The India Way (Strategies For An Uncertain World)
Author :
S. Jaishankar
Category :
Strategies For An Uncertain World
Publisher :
HarperCollins Publishers
Available On :
Amazon India and Flipkart
Quote By Author :
S. Jaishankar
Publish Date :

Review :

Insights & Maxims to Maximize Favourable Effects on Indian on the Grounds of International Relations It is not just the pandemic that has taught all of us immeasurably about immeasurable things, 2020 has also gifted us with a book that exhibits all the phases of a day or a season of international political corridors (dawn break, scorching heat, cooling sunset, wintry nights, and twilight), all encapsulated in a 226-page book. Released in the last quarter of the last year, this book has garnered a lot of eyeballs and brows, fetching hope and a take on promising future for our country for the kind of discernment it provides, which may possibly act as a mighty political tool. “The India Way” epitomizes redemption (a derivative of thrills of identified possibilities of growth and smarter ways of dealing with them while leaning on to the past regrets, mistakes, blunders or lost opportunities, and learning from them). This book has taken birth in the political corridors that thrive on international relations.

“The India Way” is not just a book; it is a binocular to larger perspectives and greater goals pertaining to our country’s footprints in geopolitics, stability, performance, and (most importantly) identity. Currently, the author S. Jaishankar is India’s Minister of External Affairs. He has brought to us a broth of insights based on the history, facts, intuitiveness and experience in these 226 pages. Tracing back to historical and even mythological eras, it moves its torchlights from a decade from the global financial crisis (2008) to pandemic in 2020 - an important part of our timeline.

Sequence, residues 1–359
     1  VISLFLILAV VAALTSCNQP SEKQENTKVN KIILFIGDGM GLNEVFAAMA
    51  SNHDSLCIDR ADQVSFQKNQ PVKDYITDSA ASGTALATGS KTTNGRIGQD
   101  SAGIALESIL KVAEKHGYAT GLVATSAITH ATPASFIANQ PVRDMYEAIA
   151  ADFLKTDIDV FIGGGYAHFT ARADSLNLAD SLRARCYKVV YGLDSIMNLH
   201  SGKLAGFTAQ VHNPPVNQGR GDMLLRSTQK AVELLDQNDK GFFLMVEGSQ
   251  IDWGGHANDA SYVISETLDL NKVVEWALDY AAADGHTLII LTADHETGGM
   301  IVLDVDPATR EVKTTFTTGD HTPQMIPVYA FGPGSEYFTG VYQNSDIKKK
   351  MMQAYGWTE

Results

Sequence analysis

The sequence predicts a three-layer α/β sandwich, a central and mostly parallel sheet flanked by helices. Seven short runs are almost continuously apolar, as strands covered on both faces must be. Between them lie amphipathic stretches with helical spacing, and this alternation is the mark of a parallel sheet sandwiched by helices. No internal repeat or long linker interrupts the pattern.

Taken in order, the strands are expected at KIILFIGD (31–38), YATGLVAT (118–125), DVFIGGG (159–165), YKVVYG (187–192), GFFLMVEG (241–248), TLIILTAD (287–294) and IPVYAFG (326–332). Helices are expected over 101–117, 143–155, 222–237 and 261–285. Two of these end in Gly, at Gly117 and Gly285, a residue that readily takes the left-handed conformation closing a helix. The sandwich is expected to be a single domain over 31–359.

The author amalgamates his experience and stirs with case studies, creating a mix of analysis for a road map of India’s roads-ahead for its stability, politics, and economy. Even if the mix is immiscible, he has a way out for emulsifying it, so the intended goals can be perceived and achieved the way they should be. He places this thinking ball in the context of history and tradition, appropriate for a civilizational power that seeks to reclaim its place on the world stage. However, despite all this, there is just one question that keeps me pondered, will one frame be enough? Considering the pace at which international politics is changing, you cannot simply put your entire understanding into a single frame as trivial to the largest issues count while setting up a strategy. Everything matters!

With a touch of adage at the beginning of each chapter, this book discusses the options for growth and success that India has, could have had or may have in the future. The author has brought forth his experience in the international relations and politics into one book wherein he discusses the viable ways that can let India fulfil its ultimate goal. These opportunities are abundant and backed by solid analytics, facts, and deep understanding of the scenarios. In the chapter, “The Lessons of Awadh,” we learn that China’s emergence as potential superpower has pinched a stress point on geopolitical issues in Asia and across the globe as well. Like we compare the grass on the other side with ours, India’s rise will not go without passing a thorough comparison with the neighbours. Geopolitics and balance of power make the foundation of any kind of international relations, which are rarely balanced at a steady stride throughout an era, decade or century. The Bandung era of Afro-Asian solidarity in the 1950s serves as reminder of the costs of neglecting hard power. Having a democratic pluralistic society and market economy, India (with a premium due to the tradition of Kautilyan politics) will grow together with others, not disjointedly. “Given these affinities, such an India can exploit effectively search for new partnerships. Values that bring them together do matter, probably even more so in technology driven world.”